Dental Bonding

Dental Bonding in Westwood

Dental bonding is a popular procedure because it allows patients to correct problems that affect a single tooth. Bonding is when a tooth-colored composite resin is applied to a tooth as a putty. This resin is then shaped to repair chips, cracks, and broken edges, so the tooth is complete and has a full surface for chewing, eating, speaking, and smiling. Unlike the installation of veneers or crowns, which need to be manufactured, dental bonding can be done in a single visit and requires almost no preparation.

What It’s Used For

Dental bonding is a versatile procedure that can be used for a variety of purposes. It is the easiest and most inexpensive cosmetic option offered by dentists, so patients often select bonding to solve tooth problems such as:

  • Chipping
  • Cracking
  • Fracturing
  • Discoloration
  • Gapping

Since the procedure requires no preparation, patients can choose to have bonding done during a regular appointment. The entire process takes less than thirty minutes per tooth.

The Process

The first step is choosing which color of composite resin the patient prefers. Most individuals prefer a shade that matches their regular tooth. When the color is chosen, the dentist roughens the surface of the tooth using abrading or etching. This helps the composite resin stay in place and clean to the tooth. The tooth will then be coated in conditioning liquid.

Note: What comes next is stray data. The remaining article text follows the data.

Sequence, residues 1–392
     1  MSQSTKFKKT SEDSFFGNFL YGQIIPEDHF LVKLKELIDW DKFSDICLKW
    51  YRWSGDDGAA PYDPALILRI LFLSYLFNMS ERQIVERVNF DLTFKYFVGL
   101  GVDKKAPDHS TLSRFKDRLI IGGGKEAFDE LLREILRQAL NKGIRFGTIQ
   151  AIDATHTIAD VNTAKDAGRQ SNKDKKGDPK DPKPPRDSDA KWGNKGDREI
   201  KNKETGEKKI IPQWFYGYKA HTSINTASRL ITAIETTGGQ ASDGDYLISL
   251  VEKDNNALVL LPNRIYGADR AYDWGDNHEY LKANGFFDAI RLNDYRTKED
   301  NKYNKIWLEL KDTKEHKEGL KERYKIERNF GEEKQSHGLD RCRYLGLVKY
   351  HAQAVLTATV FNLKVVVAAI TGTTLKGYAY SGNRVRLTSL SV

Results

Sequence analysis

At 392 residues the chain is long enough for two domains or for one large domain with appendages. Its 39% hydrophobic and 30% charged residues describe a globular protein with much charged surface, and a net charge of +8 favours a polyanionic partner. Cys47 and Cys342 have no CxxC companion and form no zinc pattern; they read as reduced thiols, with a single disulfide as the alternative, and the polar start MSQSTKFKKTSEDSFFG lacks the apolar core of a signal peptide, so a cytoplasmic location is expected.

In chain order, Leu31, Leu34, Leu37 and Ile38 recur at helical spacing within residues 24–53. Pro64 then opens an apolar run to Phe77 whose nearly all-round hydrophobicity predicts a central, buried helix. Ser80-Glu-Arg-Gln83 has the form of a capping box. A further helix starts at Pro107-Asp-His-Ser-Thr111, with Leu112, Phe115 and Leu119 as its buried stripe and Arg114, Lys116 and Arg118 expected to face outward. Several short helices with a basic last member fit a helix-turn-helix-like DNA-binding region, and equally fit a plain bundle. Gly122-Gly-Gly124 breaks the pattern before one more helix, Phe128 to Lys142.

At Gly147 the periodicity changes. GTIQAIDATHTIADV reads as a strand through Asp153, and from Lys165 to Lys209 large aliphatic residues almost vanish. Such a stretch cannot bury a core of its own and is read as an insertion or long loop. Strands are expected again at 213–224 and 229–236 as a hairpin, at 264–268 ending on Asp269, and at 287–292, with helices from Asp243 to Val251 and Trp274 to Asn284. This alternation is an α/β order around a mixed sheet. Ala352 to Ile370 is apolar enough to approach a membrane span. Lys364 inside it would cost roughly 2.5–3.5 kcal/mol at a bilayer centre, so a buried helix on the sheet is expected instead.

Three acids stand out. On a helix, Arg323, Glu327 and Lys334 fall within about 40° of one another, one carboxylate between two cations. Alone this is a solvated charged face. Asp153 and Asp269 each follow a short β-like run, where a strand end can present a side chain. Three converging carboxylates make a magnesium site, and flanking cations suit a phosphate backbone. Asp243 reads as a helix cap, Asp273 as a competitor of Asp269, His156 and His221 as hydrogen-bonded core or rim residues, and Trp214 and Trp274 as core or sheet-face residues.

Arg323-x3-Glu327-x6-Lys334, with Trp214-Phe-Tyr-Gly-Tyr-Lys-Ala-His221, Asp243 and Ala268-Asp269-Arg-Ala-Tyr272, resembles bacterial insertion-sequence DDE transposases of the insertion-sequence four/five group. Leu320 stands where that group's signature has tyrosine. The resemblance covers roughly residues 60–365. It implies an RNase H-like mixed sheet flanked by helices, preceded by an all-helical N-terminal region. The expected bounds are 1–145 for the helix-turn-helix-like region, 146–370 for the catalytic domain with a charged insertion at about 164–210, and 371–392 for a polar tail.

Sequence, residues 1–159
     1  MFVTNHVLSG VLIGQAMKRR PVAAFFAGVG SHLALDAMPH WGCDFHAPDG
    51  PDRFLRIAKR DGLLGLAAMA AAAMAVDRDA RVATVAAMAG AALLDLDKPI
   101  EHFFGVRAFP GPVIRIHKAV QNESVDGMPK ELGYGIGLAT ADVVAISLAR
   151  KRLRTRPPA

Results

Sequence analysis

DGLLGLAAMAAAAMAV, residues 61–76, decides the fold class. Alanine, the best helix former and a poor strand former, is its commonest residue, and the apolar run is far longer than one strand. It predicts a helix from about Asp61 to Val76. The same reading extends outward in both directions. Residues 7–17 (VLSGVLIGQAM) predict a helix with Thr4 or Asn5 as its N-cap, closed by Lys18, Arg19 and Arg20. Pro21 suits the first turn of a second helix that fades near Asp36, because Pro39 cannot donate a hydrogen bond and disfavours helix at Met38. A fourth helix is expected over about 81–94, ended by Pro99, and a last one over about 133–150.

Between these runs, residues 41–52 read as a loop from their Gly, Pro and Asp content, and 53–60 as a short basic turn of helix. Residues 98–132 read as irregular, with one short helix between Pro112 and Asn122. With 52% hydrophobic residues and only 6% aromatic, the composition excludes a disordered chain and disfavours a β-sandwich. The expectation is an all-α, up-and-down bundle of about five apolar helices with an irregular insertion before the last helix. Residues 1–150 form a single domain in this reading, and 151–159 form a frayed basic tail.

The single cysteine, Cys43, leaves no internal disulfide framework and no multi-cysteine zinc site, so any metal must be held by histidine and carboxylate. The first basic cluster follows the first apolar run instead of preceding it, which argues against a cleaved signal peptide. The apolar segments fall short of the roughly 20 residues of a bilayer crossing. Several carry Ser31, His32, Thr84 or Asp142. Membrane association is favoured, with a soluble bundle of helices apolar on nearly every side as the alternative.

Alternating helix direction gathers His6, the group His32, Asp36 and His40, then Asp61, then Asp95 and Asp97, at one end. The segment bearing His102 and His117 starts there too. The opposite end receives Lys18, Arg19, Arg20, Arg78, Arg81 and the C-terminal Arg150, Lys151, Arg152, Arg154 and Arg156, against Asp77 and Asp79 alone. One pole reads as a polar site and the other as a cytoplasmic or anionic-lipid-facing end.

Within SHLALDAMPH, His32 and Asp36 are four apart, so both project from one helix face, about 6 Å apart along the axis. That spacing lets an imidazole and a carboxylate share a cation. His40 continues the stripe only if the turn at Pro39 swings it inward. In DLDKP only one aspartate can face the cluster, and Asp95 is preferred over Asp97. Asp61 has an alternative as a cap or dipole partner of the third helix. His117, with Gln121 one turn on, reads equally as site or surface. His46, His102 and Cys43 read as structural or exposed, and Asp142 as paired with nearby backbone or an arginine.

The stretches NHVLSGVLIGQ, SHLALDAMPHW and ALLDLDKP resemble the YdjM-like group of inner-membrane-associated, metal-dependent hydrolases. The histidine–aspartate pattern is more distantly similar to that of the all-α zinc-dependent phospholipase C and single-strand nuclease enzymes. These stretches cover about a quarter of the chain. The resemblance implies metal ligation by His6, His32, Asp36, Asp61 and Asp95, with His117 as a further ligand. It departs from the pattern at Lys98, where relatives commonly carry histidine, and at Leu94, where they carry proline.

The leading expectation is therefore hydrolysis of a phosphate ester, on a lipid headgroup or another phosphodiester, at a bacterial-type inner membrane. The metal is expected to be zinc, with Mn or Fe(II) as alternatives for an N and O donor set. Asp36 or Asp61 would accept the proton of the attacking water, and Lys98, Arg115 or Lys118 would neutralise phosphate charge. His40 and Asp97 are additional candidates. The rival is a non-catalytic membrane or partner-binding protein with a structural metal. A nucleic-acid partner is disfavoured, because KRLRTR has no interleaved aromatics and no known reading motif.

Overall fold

The resin is then applied as a putty and shaped to fit the tooth. The dentist scrapes off any excess and then hardens the resin using an ultraviolet light or laser. Sometimes there might still be extra resin, so the dentist will carefully scrape it off once the putty has hardened.

When complete, the bonded tooth will be ready to use, although many dentists caution against eating or drinking for at least one hour.

Care

The bonded tooth can be cared for like natural ones. It will require regular brushing and flossing, and it will respond to mouthwash to eliminate surface stains. The resin cannot develop cavities, but it can become discolored by consuming coffee, tea, soda, and other foods. Smoking might also stain the resin.

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